Example 6
[Before Amendment]
Claim 1: An ink composition for an inkjet printer, comprising a component X.
Claim 2: An inkjet printer comprising a specific nozzle capable of regulating a dropping amount of an ink composition.
[After Amendment]
Claim 1: Deleted.
Claim 2: An inkjet printer comprising a specific nozzle capable of regulating a dropping amount of an ink composition.

In example 6, original claim 2 does not comply with the unity of invention requirement. In this case, therefore, the examiner will examine only claim 1 and will issue a non-final notice of rejection for reasons of (i) lack of inventive step and (ii) lack of unity of invention. although claim 1 was canceled in reply to the non-final notice of rejection, this amendment is deemed to be "Shift Amendment" under the new law. Thus, the examiner will simply issue a final notice of rejection due to "Shift Amendment" (article 17bis(4)). In this case as well, the examiner is not obliged to examine the patentability of claim 2.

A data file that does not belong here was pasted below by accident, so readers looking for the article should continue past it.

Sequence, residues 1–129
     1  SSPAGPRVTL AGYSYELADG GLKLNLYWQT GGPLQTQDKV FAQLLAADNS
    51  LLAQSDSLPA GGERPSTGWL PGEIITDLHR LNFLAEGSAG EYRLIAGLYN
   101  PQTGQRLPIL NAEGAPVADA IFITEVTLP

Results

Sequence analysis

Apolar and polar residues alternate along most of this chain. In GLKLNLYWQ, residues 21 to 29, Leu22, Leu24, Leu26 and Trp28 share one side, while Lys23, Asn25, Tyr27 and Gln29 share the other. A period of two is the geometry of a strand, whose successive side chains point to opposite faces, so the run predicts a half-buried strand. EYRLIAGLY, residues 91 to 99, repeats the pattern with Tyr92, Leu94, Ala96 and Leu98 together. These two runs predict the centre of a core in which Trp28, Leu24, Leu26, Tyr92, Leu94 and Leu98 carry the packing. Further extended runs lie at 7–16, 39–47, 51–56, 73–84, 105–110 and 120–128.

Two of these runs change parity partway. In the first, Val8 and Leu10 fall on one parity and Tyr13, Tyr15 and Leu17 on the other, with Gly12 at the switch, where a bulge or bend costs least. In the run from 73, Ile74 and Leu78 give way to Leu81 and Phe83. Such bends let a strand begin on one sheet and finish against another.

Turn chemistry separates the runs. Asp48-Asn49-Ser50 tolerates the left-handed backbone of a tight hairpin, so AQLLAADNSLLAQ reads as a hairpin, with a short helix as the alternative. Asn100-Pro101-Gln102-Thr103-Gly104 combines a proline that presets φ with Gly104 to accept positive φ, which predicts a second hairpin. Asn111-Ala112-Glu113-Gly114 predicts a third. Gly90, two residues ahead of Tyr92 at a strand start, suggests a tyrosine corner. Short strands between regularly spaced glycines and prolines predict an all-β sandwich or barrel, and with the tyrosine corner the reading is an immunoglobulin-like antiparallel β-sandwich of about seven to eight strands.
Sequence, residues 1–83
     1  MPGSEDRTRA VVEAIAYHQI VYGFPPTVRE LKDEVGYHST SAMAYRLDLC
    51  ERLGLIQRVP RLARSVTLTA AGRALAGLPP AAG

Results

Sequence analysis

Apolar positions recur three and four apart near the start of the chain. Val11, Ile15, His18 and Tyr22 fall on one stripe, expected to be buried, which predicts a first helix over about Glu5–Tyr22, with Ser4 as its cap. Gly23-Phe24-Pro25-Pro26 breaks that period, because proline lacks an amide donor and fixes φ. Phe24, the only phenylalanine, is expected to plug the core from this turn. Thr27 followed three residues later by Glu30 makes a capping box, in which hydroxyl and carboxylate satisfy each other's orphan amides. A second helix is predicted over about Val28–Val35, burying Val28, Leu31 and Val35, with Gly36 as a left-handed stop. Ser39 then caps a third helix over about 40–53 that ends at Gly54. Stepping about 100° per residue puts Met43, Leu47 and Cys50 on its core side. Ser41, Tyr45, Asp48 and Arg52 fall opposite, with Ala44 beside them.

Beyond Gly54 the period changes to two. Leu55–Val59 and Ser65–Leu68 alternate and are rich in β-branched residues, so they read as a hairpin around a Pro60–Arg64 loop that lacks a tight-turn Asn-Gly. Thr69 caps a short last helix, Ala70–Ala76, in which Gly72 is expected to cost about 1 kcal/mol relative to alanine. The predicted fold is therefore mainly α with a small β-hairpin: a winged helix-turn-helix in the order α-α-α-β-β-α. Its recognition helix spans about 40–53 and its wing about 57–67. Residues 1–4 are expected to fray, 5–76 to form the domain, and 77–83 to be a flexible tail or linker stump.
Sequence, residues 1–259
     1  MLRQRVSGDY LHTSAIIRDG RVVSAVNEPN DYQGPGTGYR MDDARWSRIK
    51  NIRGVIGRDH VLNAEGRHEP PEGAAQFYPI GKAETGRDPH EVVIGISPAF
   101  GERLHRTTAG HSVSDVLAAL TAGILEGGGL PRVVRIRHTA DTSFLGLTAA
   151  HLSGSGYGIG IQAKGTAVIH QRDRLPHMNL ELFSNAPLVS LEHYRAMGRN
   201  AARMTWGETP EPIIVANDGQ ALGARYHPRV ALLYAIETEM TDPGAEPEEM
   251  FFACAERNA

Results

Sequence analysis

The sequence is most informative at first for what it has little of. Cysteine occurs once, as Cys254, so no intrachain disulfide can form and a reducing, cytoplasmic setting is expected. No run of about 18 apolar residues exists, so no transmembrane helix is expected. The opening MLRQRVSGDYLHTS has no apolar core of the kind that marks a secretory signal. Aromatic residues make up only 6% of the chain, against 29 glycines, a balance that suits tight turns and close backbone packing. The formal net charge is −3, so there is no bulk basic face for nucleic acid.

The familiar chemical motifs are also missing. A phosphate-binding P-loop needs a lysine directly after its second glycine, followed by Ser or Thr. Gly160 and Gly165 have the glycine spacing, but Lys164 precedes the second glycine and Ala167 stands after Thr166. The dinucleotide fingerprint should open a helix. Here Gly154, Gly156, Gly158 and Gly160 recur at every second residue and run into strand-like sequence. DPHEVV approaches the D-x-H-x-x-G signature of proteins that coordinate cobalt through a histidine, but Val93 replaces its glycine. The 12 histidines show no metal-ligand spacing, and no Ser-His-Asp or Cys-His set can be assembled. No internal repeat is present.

Question 9
How can we avoid "Shift Amendment" ? What do you recommend to cope with a "Shift Amendment" situation as referred to in above-mentioned examples 4, 5 and 6 ?
Answer

In order to avoid "Shift Amendment", careful consideration should be paid to claim amendment to be made after you receive a notice of rejection from the examiner.

In the case where unity of invention is denied by the examiner, leaving claim(s) unexamined for patentability, shift amendment can easily be avoided by simply deleting the unexamined claim(s) and filing a divisional application covering the unexamined claim(s).